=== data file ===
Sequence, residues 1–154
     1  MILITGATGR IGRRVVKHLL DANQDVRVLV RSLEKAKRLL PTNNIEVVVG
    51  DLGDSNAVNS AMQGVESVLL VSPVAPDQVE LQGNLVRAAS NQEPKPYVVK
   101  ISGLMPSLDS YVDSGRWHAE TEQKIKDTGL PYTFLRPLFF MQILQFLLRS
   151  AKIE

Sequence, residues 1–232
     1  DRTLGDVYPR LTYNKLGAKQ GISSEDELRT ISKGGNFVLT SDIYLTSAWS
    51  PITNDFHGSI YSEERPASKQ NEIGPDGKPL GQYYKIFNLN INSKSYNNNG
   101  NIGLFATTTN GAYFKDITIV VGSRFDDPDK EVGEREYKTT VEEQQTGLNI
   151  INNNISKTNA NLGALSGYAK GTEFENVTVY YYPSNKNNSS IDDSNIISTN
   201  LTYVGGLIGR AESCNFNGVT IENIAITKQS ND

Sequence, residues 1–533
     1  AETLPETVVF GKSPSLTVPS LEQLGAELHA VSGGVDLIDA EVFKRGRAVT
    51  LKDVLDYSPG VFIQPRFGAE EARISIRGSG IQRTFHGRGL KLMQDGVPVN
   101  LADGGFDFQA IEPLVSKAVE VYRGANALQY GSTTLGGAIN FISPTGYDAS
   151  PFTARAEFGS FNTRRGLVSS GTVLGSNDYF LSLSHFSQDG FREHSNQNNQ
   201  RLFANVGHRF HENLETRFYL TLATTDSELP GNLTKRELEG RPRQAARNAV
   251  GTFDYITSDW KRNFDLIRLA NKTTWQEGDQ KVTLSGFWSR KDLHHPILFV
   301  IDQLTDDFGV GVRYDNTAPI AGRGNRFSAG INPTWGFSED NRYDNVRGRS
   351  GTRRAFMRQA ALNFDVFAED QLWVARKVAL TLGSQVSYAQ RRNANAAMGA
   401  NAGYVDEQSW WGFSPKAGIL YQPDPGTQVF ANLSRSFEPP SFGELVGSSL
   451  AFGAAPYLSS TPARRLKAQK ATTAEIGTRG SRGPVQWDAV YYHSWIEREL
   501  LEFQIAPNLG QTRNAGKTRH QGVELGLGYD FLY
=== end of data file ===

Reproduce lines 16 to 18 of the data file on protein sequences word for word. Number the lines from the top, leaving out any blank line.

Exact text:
   151  PFTARAEFGS FNTRRGLVSS GTVLGSNDYF LSLSHFSQDG FREHSNQNNQ
   201  RLFANVGHRF HENLETRFYL TLATTDSELP GNLTKRELEG RPRQAARNAV
   251  GTFDYITSDW KRNFDLIRLA NKTTWQEGDQ KVTLSGFWSR KDLHHPILFV